Frydman explained how Sigmund Freud, the founding father of Psychology, advocated the need to write from our stream of consciousness. Freud wrote in the book ‘The Interpretation of Dreams’, that in order to promote creativity, you ‘‘write down, without any falsification or hypocrisy, everything that comes into your head”. (Jones p.219).
Frydman pointed out that children do not worry about their writing or paintings being good or bad, which is why they are able to create without mental constraints. She says on her website, “As adults we can forget how much having a space to play can be life enhancing, healthy and just plain fun.”
She advised that you can write something even if you have just five minutes. So if you are able to clear the mind of its clutter, it takes less time to be productive.
How do you meditate?
Frydman went through a very basic form of meditation that involves visualization. She told everyone to close their eyes and imagine looking out of a window, which has a blind rolled up at the top.
She asked everyone to take a few moments to imagine the scene outside of the window. Then, to gently roll the blind down and gaze at the blind, which appeared as a blank white screen. The point of the exercise was to sweep clean the mind of its thoughts.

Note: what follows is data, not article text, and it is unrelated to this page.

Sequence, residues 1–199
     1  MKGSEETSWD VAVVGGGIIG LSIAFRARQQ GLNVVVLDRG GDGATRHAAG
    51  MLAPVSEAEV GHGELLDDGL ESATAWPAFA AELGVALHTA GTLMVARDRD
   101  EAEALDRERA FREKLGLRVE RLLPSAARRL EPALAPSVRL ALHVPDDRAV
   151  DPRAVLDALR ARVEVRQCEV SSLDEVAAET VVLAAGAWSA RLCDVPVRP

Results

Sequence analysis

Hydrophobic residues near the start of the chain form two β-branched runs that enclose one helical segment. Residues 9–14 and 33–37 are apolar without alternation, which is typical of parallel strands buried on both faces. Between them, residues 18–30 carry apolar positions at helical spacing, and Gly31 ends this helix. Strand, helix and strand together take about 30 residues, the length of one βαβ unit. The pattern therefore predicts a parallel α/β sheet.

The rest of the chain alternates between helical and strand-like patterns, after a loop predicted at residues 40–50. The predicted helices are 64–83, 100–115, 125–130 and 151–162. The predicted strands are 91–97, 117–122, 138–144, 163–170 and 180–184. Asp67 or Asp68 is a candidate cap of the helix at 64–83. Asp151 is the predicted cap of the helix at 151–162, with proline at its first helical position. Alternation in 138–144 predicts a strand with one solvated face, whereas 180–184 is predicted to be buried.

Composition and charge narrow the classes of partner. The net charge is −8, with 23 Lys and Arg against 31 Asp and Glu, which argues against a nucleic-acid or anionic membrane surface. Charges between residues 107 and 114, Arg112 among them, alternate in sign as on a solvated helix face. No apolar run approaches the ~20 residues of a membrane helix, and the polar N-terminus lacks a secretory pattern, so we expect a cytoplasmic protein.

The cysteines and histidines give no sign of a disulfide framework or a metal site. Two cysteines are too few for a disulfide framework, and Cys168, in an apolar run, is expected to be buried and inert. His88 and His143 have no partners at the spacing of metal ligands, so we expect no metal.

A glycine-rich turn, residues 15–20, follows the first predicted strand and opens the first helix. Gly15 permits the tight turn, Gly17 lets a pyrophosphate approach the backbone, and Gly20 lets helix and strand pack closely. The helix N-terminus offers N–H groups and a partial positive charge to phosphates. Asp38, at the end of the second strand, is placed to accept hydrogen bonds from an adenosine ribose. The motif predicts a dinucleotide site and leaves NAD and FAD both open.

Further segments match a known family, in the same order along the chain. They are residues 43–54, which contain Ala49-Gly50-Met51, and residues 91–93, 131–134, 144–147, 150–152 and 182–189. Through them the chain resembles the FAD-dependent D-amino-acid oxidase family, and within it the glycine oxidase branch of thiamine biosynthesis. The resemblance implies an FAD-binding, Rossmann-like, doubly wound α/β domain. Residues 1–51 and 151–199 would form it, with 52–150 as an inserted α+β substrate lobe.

After a few minutes, we opened our eyes and began to write. Naturally, I found that thoughts re-entered the mind but it’s important not to get frustrated. I acknowledged the thoughts and then gently pushed them aside and brought back my focus on my writing. After a while, the thoughts become far less frequent, although it can take a little persistence and practice to make this happen.
I found the experience relaxing and was able to write with a calm and open mind that led to a continuous flow of words on the page, without worrying about my choice of words.
A stream of quantity is more important than quality in such cases, as a writer can perfect what’s written afterwards, so that it can be shared and understood by others.